Replacing your brakes? Here are 3 thing to consider
Checking your braking system and all of its components should be high up on your list of routine vehicle maintenance. As one of the most important safety features on your vehicle, it is important to make sure your braking system is in great working order to prevent the likelihood of any failures resulting in serious accidents on the road. All of your braking components work together as a system and should be checked, tested, inspected and in some cases even replace together to ensure the best performance from your brakes. If you're not sure what to look for when checking your braking system, here are a few handy tips to get you started:
Listen for any squeaks or squeals when braking, if you hear any high-pitch noises this is most likely your brake pads telling you they're due for a replacement. If you don't notice any of these noises but still want to check how much life your pads have left, simply remove the wheel and inspect the pads within the brake calliper. You will be able to visually see how much brake pad material is left on the brake pad, we recommend fitting a replacement set of brake pads when the material gets down to approximately 3mm in thickness.
When checking your brake pads, it's a great time to have a look at your rotors too. Using your finger tip, examine for a raised edge or lip around the circumference of the brake rotor as this can indicate uneven wear and the need to fit some replacement rotors. Your brake rotors will also have a manufacturer-recommended minimum thickness level which can be measured using a tool such as the Repco Brake Thickness Reader.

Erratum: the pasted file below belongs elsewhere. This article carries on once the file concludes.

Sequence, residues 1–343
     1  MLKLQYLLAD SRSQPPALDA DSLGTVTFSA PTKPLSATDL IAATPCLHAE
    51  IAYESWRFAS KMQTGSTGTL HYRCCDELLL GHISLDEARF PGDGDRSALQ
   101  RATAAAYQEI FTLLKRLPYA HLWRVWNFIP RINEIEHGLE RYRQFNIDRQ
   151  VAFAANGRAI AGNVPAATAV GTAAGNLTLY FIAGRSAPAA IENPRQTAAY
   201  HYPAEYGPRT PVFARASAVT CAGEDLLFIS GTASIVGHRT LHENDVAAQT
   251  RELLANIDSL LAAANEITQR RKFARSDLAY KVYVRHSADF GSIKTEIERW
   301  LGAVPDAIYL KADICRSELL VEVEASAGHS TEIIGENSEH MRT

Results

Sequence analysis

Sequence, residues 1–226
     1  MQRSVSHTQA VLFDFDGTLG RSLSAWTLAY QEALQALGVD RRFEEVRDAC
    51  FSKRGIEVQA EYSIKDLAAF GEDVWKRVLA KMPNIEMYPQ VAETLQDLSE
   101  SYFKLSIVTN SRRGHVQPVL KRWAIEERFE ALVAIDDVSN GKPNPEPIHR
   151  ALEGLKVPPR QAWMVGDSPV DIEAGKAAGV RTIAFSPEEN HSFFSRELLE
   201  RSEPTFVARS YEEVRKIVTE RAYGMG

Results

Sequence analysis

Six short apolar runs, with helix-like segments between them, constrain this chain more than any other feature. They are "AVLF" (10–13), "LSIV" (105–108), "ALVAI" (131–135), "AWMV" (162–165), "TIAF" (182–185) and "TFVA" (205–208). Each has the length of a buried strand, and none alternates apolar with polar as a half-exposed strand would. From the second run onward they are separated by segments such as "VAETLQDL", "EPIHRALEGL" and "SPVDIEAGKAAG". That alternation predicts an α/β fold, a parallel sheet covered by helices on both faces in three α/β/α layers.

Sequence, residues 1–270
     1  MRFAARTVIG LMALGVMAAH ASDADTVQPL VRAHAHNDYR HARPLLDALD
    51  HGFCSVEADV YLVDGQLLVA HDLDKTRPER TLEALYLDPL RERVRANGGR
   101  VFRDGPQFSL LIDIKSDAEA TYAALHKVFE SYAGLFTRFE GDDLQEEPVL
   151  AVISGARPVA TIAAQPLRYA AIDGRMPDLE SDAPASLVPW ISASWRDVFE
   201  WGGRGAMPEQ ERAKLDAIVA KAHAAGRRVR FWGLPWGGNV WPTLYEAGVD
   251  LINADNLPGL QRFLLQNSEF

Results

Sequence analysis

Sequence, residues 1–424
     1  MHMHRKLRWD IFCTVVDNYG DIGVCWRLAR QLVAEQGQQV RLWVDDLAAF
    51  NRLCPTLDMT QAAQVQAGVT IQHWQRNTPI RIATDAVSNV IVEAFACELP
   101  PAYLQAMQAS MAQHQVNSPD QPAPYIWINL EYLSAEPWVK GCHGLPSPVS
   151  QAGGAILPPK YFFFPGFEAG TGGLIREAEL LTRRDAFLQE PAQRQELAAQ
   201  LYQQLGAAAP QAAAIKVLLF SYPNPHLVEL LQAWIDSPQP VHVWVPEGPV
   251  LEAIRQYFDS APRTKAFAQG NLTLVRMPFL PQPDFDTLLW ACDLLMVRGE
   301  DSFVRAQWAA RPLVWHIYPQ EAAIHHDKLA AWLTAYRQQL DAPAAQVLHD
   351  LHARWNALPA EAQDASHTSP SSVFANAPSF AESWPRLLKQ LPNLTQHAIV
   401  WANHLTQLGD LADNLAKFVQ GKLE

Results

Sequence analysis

When looking at drum brake systems, similar methods can be applied to checking brake shoes as brake pads and you can also examine visually for any uneven wear on the drum when you have it all apart. One of the other important pieces to check on a drum brake system is the wheel cylinders. These can often fail or leak which will contaminate brake shoes, consume brake fluid and create the need to constantly re-bleed the system. Leaks will be easily detected with a visual inspection and even the most minor of leaks will indicate the need to fit replacement wheel cylinders to prevent serious brake failure going forward.